20. 日本人でも日本語難しいって感じるから

  21. テーマパークで働いててよく道を聞かれるんだけど、道を教える英語がめちゃくちゃ難しいのが本当に辛い;;

    I'm Japanese.
    It's my opinion.

    I have a part time job at famous amusement park.
    Then I’m always asked for directions.
    I want to help a lot of international people.
    However, It’s sooooo difficult for Japanese people to use English to teach directions.
    I always feel "I'm sorry…"

    If you need help in Japan, you should ask to a lot of Japanese people!!!
    Then we use passionate English.

  22. You come to Japan and you expect the whole country to shift their way of thinking and languages to your languages? Wow next time I go to western country I am expecting you to speak Indonesian, otherwise I will be very upset and record it on YouTube.

  23. The thing that always scared me about going to a country in eastern Asia is the fact that there are no Roman letters for their language, just symbols. If I go to France, I can sort of sound out the words. But, if I go somewhere in Japan and I see あなたが死んでしまう, that could say anything. And, just like that, boom. I'm dead

  24. Japan is another country on earth with human beings. Not another planet with aliens. WTF are these western peoples on about.

  25. I once went to japan a long time ago in 1945 and for me it wasn't that hard to find any japanese in hiroshima. Although that place is very ugly and has rubbish and fallen building everywhere, no wonder there is no one there.

  26. Supposedly some Serbo-Croatian workers in Slovenia, get angry when you cannot understand them but they don’t make an effort to learn Slovenian

  27. After living in England for 10 years (not any more) English people seem to be the least tolerant of poeple who doesn't speak English, yet they go around the globe expecting others to speak English

  28. 日本は特に都会では英語onlyでも大丈夫だと思います。逆に英語が喋れないと海外ではどうなのか気になりますが。。。

  29. 初めてみたのですが、宮城めっちゃ出てくるじゃん!

  30. 7:22
    We Japanese people say BEJITARIAN instead of vegetarian…..yeah, I know..
    BI-FU…Yeah, You're correct…

    You killed me _(:3 」∠)_瀕死

    I hope everyone will enjoy their trips in Japan 🙂
    Have a great holiday!

  31. I'm Japanese and work at supermarket. Sometimes I'm spoken to by Non-Japanese speaker, so give some advice from my experience(with my poor English, sorry…).

    Ryotaro's advice is right. With short sentence(about 2-3 words) , many Japanese understand what you mean. (if you say "〇〇, where? " , we understand "he/she wanna go ○○/ buy ○○" )So you should talk with easy words and short sentence(and slowly…).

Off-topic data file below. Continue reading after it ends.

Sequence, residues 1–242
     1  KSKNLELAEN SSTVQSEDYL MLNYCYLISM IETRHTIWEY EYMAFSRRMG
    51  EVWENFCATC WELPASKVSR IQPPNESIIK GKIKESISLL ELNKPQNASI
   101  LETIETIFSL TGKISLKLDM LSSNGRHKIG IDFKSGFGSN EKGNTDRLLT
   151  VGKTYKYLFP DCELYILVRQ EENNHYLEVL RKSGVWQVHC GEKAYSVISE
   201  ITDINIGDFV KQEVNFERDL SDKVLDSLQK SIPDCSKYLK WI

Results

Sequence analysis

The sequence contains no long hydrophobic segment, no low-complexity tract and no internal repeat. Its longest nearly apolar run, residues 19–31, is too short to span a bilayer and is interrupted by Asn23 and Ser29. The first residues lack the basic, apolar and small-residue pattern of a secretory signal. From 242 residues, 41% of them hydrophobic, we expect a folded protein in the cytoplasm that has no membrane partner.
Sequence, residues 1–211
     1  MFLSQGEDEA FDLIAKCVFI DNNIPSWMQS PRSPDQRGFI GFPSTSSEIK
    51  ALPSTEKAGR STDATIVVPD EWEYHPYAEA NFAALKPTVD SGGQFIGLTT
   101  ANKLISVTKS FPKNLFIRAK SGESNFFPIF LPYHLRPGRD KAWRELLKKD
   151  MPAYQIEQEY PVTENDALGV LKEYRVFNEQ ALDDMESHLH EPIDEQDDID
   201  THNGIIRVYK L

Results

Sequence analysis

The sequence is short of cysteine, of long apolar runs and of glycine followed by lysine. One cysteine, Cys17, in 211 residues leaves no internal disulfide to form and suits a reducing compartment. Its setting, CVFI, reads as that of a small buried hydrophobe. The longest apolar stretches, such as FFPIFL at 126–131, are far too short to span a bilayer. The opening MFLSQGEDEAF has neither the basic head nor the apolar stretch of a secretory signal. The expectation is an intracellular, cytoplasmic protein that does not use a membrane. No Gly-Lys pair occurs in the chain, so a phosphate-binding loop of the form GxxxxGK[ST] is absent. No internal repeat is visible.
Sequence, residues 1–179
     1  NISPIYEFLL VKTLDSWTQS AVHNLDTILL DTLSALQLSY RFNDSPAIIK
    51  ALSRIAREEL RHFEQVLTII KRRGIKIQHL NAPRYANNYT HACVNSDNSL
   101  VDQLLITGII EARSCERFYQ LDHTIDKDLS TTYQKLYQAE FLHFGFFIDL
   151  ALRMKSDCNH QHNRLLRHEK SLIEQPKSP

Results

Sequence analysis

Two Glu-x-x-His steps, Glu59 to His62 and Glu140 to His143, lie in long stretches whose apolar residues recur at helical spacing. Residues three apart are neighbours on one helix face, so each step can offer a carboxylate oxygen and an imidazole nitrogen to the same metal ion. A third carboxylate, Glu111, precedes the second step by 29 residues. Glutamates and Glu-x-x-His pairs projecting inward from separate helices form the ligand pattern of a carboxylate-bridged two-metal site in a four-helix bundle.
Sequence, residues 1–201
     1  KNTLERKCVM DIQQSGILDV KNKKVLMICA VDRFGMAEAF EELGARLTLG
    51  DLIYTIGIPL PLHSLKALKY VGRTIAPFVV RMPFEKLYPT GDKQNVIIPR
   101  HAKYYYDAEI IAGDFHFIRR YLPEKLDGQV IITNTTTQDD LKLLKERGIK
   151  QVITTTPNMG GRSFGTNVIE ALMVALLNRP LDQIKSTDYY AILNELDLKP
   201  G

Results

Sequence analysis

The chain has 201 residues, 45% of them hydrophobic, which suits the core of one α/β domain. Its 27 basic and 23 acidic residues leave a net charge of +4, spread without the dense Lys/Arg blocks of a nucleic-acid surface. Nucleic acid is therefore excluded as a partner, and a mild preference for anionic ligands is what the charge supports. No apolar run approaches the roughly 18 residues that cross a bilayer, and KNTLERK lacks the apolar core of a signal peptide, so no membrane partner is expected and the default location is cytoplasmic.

Also, Google translate and Image search("Google Images"?) is very useful. Even if we can't catch what you said, we often understand what you wanna do from translated words or Image. (I always request this way when I don't understand (even if JAPANESE customers))

    I hope you come to Japan!

  32. you may wonder "What's the differences SUICA card and PASMO card (or other transpotation IC cards)". It's quite simple, only the difference of railway company the card is issued by. The function is basically the same.
    When you arrive NRT, you can buy SUICA(JR-East) or PASMO(Keisei), but arrive KIX, you can buy other IC cards(ICOCA, PiTaPa)
    Luckily almost all these cards can use other railway company's area. For example, your SUICA card (SUICA is for JR-East area = around TOKYO) also can use in JR-West area(= KYOTO, OSAKA). Even if you use "JAPAN RAIL PASS", you cannot use this at "Tokyo Metro"(Subway) and other NON-JR Lines, so I recommend to use these cards if you'll use these Lines. The symbol "IC" means you can use these cards(↓check the link below).

    Also you can use these IC cards for payment in many stores. But some stores only cash, so you should check at store entrance(has "SUICA" or "IC" symbol) or ask clerks (only "Suica OK?").
    (remenber that at least most of stores or vending machines "at station" can use these cards.)

    ※NOTE: These IC cards cannot use when you use "SHINKANSEN"(bullet train). So you need to buy ticket at ticket office or ticket vending machine.(There are some exceptions for using SUICA in SHINKANSEN, but difficult even for JAPANESE people…)

  33. 確かに、外国人がちょっと日本語を話しただけですごく嬉しくなる。

  34. I'm japanese.
    I'm Sorry my English is strange.

    Most of people in japan are glad that foreigners come to japan,so even if you're in trouble,we help ,so don't worry about it.

    When I go foreign,I'm worry about discrimination.
    Many asians care that,so you won't be discriminated.
    Also you must not do that.

    Know about japan more and be into it.
    We're wating in japan!!

  35. If I go to Japan without learning Japanese, and some guy comes at me waveing a sword like that, I'll simply grasp him in my arms in an unavoidable hug, and cry.

  36. First thing before going to Japan….use this website before each conversation to ensure perfect translations!

  37. 最近じゃまともに日本語話せない同級生多すぎて無理やで。頼むから日本くるなら日本語話せ。日本はもう終わりやで。

  38. Really struggled without the language for the world cup. However they are the nicest people on the planet so did everything they possibly could. And worst case scenario you get a friendly smile and a bow from a stranger

  39. 道を聞かれて説明に困った結果、そこまで一緒に連れて行った事ならあります(何度か)。

  40. I think so, when we Japanese hear English prounciation , sometime We can't hear exactly. especially 'r' and 'l' or 'b' and 'v'///

  41. A part of me is thinking that the "Dribble" on the notebook was supposed to be "Scribble" which would make a lot more sense.